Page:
Table of Contents pages 1. Introduction
1.1. Statement of the problem
1.2. Objective of the study
1.3. Research questions
1.4. Scope of the study
1.5. Methodology of the study
2. Literature review
2.1. Conceptual definitions
7.2. Theories of Motives of saving
7.3. Theoretical relationship between financial institution and saving in Brief
7.4. Empirical relationship between financial institution and saving in Brief
1.1. Statement of the problem
Many sub-Saharan African countries introduced financial sector reforms to improve the performance of the financial sector in general, and financial savings levels in particular, in the 1980s and 1990s. Yet, despite these reforms, for many countries, the expected increase in financial savings levels was short lived.
The financial institution in which the banking sector occupies the largest part is complex in structure and plays a decisive role in the financial and economic stability and growth of a nation. Due to underdevelopment or the non-existence of securities markets in most of developing countries including Ethiopia, banks are the major players and they are the most important financial intermediaries.
Many financial institutions in developing countries offer savings products. Yet, little has been done to assess systematically and quantitatively the relative merits of different instrument designs. Savings is critical to households in developing countries; it allows households to smooth consumption in the face of volatile income and supports investments in human and physical capital. Savings mobilization typically is considered low in developing countries, but creating and implementing policies to raise it is difficult. Low savings is a consequence of merely poor access to safe, flexible, convenient, and affordable savings products. Until recently, most financial institutions in developing countries did not offer appropriate savings options for the poor.
The financial sector in Ethiopia mainly consists of banking system, insurance and micro finance institutions. Ethiopia’s financial sector remains closed and is much less developed than other sub Saharan African countries. Ethiopia has no capital market and very limited informal investing in shares of private companies. Since 1994 financial sector reforms has been introduce in Ethiopia, number of financial institutions are increasing dramatically, especially in urban areas like Addis Ababa. One of the major functions of this institutions is to mobilize saving and divert in to productive investments. In doing so, they will reduce poverty and achieving better living standard. However, Ethiopia still registered very low level of saving mobilization. The Gross domestic savings (% of GDP) in Ethiopia was last reported at 1.82 in 2011, according to a World Bank report published in 2012.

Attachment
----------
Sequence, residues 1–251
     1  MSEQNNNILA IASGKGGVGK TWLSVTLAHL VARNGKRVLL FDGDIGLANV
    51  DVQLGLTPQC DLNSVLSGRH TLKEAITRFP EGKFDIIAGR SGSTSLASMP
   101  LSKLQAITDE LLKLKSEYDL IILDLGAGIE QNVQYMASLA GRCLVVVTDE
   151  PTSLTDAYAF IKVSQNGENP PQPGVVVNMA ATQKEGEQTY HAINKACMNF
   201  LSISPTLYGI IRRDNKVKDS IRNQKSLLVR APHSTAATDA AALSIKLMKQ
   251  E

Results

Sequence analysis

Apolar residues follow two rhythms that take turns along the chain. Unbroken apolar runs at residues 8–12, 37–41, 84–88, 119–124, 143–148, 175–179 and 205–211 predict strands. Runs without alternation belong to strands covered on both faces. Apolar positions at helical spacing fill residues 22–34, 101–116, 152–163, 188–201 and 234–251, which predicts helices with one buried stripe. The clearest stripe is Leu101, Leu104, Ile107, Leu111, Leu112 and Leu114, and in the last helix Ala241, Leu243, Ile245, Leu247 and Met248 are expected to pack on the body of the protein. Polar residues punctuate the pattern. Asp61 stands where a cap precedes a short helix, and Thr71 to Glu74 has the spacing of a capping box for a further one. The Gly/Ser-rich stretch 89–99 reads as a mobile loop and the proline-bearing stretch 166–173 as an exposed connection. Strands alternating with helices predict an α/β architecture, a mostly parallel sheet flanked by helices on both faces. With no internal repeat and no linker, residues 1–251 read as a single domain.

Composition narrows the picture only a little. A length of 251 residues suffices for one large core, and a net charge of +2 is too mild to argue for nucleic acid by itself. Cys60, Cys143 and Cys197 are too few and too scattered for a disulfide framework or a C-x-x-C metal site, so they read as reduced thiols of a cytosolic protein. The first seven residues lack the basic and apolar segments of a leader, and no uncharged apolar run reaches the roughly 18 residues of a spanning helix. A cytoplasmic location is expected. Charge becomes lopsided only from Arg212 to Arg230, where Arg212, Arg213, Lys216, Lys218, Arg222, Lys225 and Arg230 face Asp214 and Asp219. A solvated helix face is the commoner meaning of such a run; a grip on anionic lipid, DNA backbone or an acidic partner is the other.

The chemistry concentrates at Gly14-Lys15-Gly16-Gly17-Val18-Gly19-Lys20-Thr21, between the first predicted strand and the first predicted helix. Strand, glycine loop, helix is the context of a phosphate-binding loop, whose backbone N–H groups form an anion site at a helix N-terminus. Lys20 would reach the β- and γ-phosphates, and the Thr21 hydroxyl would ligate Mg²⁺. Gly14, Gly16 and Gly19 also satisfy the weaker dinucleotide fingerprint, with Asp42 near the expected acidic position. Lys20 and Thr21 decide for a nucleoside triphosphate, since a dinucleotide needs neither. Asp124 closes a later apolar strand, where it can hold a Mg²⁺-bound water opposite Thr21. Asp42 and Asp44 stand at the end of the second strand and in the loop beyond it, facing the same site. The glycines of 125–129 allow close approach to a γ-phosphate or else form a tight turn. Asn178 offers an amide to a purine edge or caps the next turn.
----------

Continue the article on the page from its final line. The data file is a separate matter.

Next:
According to NBE report of 2010/11, there are 17 banks with 970 branches. In terms of ownership, 14 were private commercial banks and the remaining 3 state-owned, 14 insurances with 221 branches and 31 microfinance institutions operating in the country. Among these 17 banks with 349 branches, 14 insurance with 112 branches and 14 financial institutions are concentrated only in Addis Ababa.
In Ethiopia over 80% of the population lives in rural, and banks are found almost exclusively in the larger urban centers. About 23 percent of the public banks and 49 percent of private bank branches were concentrated only in Addis Ababa. However, the portion of the population near urban centers makes strikingly limited use of formal financial institutions.
Many literatures suggest that the reason for low saving in developing countries is concentration of...
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